I could live in any cheap third world (internet connected) country and ARC (which in my case means researching and writing books about Topological Quantum Computing (TQC) and femtotech) but I choose China, since there is a real prospect that I may end up on the winning side. I have no nationalist feelings at all. I’ve lived in seven nations, and have long outgrown the myopic pretensions of the nation state. Politically I’m a globist (pro world government) but that’s another story (and the topic of my second book (http://www.amazon.com/Multis-

s&ie=UTF8&qid=1311161160&sr=1-3), and possibly the topic of a Discovery Channel TV documentary in 2012?)

Postscript :

My good friend Ben Goertzel suggested I add some proposed opinion poll questions that the pollsters might use in the near future. So here are some (assuming that the general public has been well exposed to the species dominance issue in TV and radio documentaries and articles in newspapers and magazines, etc). If you like these questions, perhaps you might try them out on your friends, your acquaintances, your school, your college, your company, your organization, and report back the results to me (profhugodegaris@yahoo.com).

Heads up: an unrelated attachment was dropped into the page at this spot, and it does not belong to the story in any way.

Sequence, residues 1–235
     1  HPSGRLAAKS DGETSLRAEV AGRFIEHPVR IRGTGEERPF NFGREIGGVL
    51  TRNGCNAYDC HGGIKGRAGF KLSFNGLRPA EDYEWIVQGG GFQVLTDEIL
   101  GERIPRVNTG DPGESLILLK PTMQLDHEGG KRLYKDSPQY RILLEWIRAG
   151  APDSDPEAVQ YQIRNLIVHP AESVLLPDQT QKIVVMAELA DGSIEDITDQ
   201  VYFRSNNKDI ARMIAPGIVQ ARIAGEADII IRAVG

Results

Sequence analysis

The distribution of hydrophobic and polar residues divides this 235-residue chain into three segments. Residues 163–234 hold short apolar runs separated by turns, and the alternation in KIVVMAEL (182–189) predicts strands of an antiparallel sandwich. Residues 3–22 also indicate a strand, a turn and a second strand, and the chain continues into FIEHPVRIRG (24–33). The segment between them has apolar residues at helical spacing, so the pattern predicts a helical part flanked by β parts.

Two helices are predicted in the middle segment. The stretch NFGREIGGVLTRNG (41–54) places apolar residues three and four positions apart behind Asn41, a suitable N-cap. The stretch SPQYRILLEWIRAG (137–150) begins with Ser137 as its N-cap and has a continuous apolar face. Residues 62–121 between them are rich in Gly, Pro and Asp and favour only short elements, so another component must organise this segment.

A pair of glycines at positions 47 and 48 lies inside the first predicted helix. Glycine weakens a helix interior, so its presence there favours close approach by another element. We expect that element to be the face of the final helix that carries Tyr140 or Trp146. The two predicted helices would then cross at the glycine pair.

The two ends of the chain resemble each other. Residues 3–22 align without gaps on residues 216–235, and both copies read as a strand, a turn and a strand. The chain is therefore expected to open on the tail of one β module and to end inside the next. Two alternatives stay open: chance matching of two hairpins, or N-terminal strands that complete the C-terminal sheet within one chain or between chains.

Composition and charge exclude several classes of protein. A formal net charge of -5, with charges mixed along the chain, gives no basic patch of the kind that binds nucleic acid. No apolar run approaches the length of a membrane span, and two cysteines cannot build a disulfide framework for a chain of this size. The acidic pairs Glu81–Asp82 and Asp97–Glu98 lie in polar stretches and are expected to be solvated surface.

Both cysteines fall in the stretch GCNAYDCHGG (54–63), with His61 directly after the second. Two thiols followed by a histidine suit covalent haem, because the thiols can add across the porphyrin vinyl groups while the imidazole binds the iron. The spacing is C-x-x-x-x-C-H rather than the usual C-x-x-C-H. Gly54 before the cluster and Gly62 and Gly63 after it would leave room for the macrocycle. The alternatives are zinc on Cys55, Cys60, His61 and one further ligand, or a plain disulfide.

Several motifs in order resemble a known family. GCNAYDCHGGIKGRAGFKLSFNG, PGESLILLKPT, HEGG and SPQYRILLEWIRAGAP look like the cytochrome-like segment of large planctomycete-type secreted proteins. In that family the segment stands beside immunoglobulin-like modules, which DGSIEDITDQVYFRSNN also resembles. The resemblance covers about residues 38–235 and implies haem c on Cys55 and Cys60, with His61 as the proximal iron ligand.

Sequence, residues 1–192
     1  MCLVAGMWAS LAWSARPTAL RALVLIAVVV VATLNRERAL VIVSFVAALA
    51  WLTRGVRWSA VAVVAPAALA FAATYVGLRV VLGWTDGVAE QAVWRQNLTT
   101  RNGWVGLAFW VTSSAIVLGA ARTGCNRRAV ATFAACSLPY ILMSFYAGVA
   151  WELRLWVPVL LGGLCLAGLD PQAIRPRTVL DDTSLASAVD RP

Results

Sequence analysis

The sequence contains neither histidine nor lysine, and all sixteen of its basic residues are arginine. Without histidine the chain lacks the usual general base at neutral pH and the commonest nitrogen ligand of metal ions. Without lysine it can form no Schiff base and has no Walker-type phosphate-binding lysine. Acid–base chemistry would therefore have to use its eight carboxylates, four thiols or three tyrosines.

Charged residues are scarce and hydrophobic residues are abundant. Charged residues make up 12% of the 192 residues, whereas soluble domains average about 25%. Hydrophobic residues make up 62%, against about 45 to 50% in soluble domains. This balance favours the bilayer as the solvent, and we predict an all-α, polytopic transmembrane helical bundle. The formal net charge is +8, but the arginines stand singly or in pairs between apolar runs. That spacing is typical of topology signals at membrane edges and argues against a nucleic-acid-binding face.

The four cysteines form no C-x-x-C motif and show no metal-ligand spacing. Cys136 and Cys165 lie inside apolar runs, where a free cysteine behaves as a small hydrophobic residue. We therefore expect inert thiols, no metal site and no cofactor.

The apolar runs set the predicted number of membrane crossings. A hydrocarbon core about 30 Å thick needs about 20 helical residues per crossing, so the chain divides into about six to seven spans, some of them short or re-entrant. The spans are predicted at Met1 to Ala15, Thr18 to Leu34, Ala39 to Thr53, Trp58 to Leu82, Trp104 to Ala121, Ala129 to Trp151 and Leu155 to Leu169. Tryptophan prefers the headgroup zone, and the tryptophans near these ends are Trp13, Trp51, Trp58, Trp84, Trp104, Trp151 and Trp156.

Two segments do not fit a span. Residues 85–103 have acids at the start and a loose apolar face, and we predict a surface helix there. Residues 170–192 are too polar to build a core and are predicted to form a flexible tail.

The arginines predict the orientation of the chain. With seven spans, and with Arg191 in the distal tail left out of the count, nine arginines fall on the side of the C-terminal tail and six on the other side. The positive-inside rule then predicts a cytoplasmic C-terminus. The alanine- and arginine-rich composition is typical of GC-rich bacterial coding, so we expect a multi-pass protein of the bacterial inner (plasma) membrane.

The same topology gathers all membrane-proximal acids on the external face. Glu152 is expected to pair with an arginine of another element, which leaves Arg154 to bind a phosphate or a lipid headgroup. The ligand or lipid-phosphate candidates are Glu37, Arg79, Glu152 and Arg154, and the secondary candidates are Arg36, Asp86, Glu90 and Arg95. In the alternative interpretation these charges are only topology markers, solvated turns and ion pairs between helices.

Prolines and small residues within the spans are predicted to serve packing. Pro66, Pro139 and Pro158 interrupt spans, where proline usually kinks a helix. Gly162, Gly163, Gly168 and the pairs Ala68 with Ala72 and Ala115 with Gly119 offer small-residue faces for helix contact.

1.

Which ONE of the following three philosophies do you have the most sympathy for?

a) Terran

b) Cosmist

c) Cyborgist

Ans :

2. Do you think humanity should allow artilects to exist that are more intelligent than humans? (Yes or No)

Ans:

3. Do you think humanity should allow cyborgs to exist that are more intelligent than humans? (Yes or No)

Ans:

4. Do you think that a species dominance war between human groups is

a) Impossible

b) Extremely unlikely

c) Moderately unlikely

d) Moderately likely

e) Highly likely

f) Inevitable

Ans:

5. If superintelligent artilects come into being, do you think they will wipe out humanity with

a) Zero probability

b) Very low probability

c) Moderate probability

d) High probability

e) Certainty

Ans:

6. Do you think a planet-wide maximum legal limit should be placed on the level of intelligence in our machines?

a) Yes

b) No

Ans:

7. If you answered Yes to 6. should that maximum level of artificial intelligence be less than human intelligence levels?

a) Yes

b) No

Ans:

8. If our machines approach human intelligence levels in the coming decades, would that make you feel

a) Very fearful

b) Fearful

c) Indifferent

d) Optimistic

e) Very optimistic

Ans:

A12) “SPECIES DOMINANCE” POLL RESULTS

Prof. Dr. Hugo de Garis

Abstract